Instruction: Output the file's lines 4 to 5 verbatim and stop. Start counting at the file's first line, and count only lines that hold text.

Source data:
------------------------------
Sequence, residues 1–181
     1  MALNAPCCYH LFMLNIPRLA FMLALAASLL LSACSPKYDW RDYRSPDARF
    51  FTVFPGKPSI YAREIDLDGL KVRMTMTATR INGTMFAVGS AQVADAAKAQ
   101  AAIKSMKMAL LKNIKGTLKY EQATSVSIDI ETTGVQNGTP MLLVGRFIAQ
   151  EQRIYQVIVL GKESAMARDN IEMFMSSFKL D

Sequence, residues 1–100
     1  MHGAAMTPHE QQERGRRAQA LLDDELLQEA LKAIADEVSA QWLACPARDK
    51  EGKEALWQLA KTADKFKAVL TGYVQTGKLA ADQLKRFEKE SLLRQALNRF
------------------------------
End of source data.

   101  AAIKSMKMAL LKNIKGTLKY EQATSVSIDI ETTGVQNGTP MLLVGRFIAQ
   151  EQRIYQVIVL GKESAMARDN IEMFMSSFKL D